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Management: Employee Turnover and Retention Essay

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Updated: Mar 30th, 2020


This paper sheds light in the current state of research on employee turnover and retention through analysis of the contemporary theory. It goes a notch higher to examine the postulations of various researchers on the topic with the aim of evaluating their validity regarding employee engagement, quality of supervision, employee turnover, and employee retention. Finally, the paper discusses the implications of research and the applicability of the theory in understanding the various factors that influence turnover and retention.


Competition the global market is stiff and many organizations are faced with the challenge of managing it even though studies suggest that it has never been an easy task. For many organizations, they prefer the option of recruiting and retaining the best human resources because they are the core of any business in the modern world.

The costs of turnover are very high meaning an organization cannot risk losing the best workers who are familiar with the organizational culture and work schedule. For instance, the management has to plan for the recruitment costs, leave capitalization, temporary worker costs, relocation costs, and training in case employees exit the organization in mass.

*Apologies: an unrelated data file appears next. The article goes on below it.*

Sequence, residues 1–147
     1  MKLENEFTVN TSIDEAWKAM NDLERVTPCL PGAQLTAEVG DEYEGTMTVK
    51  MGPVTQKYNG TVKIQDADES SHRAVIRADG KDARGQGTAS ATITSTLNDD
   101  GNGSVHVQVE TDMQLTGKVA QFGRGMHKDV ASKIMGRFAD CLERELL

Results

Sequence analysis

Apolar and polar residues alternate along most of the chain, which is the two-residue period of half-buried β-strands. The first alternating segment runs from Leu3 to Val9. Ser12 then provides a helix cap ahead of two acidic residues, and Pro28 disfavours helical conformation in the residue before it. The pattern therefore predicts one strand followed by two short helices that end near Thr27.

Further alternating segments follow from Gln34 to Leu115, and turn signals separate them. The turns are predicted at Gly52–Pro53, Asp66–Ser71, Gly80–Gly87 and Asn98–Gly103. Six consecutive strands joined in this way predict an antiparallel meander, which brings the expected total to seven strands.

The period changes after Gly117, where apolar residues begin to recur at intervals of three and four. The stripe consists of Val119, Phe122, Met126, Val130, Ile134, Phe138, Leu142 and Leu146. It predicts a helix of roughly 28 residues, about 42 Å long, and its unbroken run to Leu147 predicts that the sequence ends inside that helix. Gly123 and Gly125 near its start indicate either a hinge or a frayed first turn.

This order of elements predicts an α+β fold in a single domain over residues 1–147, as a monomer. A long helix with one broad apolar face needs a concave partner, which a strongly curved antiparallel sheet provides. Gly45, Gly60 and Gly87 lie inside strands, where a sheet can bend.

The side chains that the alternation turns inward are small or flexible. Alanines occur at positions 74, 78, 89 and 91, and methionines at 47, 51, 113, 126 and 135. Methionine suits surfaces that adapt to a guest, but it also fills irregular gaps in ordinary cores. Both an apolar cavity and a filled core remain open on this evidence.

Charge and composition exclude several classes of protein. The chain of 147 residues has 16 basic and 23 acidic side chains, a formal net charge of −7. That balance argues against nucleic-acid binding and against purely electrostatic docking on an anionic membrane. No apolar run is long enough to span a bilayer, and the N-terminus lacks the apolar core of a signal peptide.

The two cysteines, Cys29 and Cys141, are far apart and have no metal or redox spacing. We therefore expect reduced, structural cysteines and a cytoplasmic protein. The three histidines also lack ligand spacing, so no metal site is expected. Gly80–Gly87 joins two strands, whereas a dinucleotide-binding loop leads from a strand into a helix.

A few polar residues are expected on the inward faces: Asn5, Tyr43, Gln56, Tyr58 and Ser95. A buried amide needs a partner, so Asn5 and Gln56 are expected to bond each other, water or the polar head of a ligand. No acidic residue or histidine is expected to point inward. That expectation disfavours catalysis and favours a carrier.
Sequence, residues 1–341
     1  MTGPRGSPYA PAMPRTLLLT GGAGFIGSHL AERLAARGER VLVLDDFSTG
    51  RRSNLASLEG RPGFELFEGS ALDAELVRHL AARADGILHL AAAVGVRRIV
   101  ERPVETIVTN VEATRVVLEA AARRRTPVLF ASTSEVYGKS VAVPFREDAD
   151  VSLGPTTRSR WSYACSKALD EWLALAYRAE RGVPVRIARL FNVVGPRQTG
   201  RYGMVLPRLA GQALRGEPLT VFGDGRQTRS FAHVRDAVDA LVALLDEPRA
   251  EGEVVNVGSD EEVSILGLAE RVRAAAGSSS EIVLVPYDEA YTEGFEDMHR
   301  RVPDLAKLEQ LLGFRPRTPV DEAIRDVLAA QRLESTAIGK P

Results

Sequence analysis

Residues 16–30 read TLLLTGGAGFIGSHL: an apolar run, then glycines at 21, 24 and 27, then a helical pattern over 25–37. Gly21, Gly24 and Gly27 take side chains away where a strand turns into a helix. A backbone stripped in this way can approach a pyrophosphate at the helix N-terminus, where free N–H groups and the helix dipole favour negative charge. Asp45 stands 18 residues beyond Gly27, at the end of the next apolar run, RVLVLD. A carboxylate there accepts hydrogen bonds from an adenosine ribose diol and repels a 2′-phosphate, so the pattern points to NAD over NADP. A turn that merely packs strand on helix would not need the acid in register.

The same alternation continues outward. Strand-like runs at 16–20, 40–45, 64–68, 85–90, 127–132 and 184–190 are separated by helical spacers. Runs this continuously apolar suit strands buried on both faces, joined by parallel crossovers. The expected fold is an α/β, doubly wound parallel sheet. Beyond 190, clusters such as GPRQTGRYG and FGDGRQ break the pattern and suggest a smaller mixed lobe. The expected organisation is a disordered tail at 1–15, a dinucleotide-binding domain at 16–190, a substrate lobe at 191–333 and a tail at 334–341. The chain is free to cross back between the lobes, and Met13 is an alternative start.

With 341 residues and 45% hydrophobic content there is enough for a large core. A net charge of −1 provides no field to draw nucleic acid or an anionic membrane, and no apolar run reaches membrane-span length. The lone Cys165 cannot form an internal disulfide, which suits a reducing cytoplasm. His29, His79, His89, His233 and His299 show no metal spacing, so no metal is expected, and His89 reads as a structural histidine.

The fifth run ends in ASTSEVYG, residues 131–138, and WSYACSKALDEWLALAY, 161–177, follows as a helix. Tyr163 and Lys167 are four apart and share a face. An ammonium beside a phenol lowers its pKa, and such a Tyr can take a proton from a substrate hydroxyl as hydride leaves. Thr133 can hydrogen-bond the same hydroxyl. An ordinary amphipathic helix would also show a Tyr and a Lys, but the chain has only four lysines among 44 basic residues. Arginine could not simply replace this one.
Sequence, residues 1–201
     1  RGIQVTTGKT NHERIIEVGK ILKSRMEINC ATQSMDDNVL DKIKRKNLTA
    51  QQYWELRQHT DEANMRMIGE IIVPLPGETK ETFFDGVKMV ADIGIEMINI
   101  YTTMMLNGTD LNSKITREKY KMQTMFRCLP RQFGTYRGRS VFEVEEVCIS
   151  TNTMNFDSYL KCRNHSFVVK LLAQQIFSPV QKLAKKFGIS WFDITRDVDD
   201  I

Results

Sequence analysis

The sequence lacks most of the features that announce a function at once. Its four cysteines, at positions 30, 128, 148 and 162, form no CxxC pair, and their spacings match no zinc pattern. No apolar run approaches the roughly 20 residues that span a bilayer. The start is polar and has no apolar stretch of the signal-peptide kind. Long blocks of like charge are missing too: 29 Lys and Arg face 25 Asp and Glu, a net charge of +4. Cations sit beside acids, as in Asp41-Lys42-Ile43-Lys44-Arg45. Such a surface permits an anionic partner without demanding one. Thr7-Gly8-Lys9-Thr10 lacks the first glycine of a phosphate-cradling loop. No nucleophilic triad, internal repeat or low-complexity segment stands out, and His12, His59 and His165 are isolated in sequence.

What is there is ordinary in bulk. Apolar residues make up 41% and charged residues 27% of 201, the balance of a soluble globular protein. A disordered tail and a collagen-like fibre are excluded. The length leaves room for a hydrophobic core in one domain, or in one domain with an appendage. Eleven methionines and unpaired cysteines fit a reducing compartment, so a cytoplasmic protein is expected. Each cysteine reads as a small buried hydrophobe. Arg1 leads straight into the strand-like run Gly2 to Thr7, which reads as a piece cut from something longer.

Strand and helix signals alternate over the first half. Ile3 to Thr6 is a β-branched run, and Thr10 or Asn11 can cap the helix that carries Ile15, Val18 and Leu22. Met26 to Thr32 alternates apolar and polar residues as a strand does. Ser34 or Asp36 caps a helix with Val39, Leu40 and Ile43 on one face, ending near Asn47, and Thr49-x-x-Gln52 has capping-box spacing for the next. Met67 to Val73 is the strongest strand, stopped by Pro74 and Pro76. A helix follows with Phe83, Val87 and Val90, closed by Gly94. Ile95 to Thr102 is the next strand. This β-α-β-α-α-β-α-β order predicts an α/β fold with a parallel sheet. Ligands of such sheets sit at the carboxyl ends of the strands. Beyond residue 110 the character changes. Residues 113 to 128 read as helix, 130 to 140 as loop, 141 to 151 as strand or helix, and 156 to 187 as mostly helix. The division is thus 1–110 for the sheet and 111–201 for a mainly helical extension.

Other challenges that the organization is likely to face include handling the expanded human resource, loss of productivity, and arranging for transitional meetings. Again, the management will miss meeting the required goals because the deadlines will have to be adjusted if important employees quit. Based on this, the organization has to do everything under its control to ensure the rates of turnover are lowered and the retained employees are satisfied.

Current Theory

Treuren and Frankish talk about job embeddedness concept derived from job embeddedness theory. They view client embeddedness as a form of job embeddedness meaning the extent at which the employee if attached to the organizational clients. In their analysis, they note that an employee might have a second though towards quitting because of the close relationship he or she enjoys with the clients. The existing literature talks about the various factors that may either encourage the employee to leave or remain in the organization for long.

According to Deconinck and Stilwell (2004), pay satisfaction has a negative correlation with the intention to leave the organization among workers. This means that non-material reasons are directly responsible for either retention or turnover in any organization, especially in the not-for-profit sector. In their study, Brown and Yoshioka (2003) insisted on the special role that organizational mission play in encouraging the worker to continue serving the organization.

In this regard, an employee considers intrinsic as opposed to extrinsic rewards when it comes to serving the organization. For the theorists, they observe that client embeddedness is likely to reduce employee turnover because their work life is positively correlated to the private life. Mitchell and Holtom (2001) were of the view that work life for an employee is like the net or the web, meaning he or she is likely to be stuck when the balance is not struck.